Huawei Technologies Co., China's biggest technical contributor to 5G standards, is seeking to charge smartphone manufacturers royalties for access to its patented 5G technologies. 

The Chinese telecom giant has announced, for the first time, royalty rates for the use of its 5G patents, stating that it will start to charge a "reasonable percentage rate"  of the sales price up to $2.50 for every smartphone that can connect to 5G and previous generations of mobile networks.

This price is on the lower end compared to Huawei's major competitors in the 5G field, including Qualcomm, Nokia, and Ericsson.

Huawei founder Ren Zhengfei once revealed that his company's attitude towards 5G patents might become more aggressive.

"We have a lot of 5G intellectual property rights, but we have not yet asked many companies for money. The main reason is that we are too busy, and wait until we are not busy, we will start to collect this money, we may not ask for much, not necessarily as much as Qualcomm. Intellectual property is created by labor, and cross-licensing or mutual payment is necessary.

Many large companies pay Huawei a large amount of money every year, and the two sides have a confidentiality agreement. We can't tell you which company paid how much, but we will not weaponize 5G patents to inhibit the development of human society."  Ren Zhengfei said in an interview with CGTN back in 2019.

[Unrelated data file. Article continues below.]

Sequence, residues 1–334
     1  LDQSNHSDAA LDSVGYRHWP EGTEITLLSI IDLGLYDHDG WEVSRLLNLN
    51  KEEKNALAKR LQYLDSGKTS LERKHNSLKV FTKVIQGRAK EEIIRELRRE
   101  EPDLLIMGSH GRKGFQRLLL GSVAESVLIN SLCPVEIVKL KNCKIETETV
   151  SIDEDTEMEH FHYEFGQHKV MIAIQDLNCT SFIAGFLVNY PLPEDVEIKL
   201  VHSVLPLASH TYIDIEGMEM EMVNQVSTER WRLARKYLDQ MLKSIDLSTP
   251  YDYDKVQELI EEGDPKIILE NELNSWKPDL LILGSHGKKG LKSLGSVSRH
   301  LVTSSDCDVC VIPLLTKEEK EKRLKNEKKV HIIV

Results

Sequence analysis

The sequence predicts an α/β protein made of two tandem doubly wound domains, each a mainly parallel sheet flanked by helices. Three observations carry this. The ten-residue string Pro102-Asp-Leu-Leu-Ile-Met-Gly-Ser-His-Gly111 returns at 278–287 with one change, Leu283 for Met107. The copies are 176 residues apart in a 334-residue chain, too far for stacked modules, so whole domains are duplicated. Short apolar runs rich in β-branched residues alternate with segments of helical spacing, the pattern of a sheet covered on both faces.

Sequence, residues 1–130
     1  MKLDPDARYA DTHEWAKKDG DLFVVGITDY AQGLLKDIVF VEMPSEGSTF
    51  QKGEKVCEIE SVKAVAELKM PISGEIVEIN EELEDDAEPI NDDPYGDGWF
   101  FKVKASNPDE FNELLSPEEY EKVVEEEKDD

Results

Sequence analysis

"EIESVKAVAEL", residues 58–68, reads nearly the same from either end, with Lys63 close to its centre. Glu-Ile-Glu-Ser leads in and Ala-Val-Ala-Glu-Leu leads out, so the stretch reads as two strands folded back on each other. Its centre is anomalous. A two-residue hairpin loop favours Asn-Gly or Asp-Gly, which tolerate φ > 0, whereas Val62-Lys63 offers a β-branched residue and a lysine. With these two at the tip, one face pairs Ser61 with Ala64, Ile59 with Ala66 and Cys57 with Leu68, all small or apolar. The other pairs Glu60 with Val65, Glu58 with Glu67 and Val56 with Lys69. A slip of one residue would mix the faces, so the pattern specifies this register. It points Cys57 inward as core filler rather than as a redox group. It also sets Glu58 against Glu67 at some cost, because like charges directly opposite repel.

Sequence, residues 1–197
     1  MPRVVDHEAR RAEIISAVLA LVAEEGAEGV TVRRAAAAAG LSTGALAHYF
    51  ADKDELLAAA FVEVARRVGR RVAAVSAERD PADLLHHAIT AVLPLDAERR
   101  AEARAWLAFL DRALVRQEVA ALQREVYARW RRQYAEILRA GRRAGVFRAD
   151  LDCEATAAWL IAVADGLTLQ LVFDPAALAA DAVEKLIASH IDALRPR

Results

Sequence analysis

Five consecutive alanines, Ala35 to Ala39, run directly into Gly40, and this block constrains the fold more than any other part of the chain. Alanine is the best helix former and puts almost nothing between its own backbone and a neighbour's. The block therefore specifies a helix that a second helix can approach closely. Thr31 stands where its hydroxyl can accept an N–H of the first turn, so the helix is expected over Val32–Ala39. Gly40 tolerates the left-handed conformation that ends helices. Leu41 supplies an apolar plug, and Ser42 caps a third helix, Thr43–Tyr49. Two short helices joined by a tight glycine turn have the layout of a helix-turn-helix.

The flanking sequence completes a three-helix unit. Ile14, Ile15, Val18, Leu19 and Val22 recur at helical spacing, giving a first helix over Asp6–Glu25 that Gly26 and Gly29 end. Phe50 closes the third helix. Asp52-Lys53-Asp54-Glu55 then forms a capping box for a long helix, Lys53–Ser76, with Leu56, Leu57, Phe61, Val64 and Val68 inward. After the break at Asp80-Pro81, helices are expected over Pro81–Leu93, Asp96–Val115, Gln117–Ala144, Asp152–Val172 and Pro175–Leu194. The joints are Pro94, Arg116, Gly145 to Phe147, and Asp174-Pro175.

Data from public channels show that over the last 3 decades, Huawei has paid more than $6 billion in patent fees, 80% of which have been paid to US companies. Meanwhile, the company invests 10% to 15% of its annual revenue in research and development, thus accumulating a valuable SEP ("Standard Essential Patent") portfolio.

So far, Huawei has conducted extensive cross-licensing negotiations with major patent holders in the ICT industry, and has signed more than 100 patent licensing agreements with major ICT manufacturers in the US, Europe, Japan and South Korea. According to Jason Ding, Huawei's head of IP, the company should earn about $1.2 billion to $1.3 billion from its intellectual property rights between 2019 and 2021.

GreyB, an intellectual property research organization, estimates that Huawei's number of active 5G SEPs exceeds that of its competitors, accounting for approximately 18.3% of Huawei's 5G patent family.

Regardless of the challenges of doing business in the US and some other countries, Huawei has demonstrated to the world its confidence and determination to compete in the 5G arena in accordance with international rules.

Huawei's experience in the 5G field shows that the accumulation and value realization of patents is a long process that requires patience and determination.

On the other hand, only by persisting in research and innovation, protecting intellectual property rights, and playing in accordance with international rules, Chinese tech companies can gain a foothold in the global marketplace.

The content of this article is intended to provide a general guide to the subject matter. Specialist advice should be sought about your specific circumstances.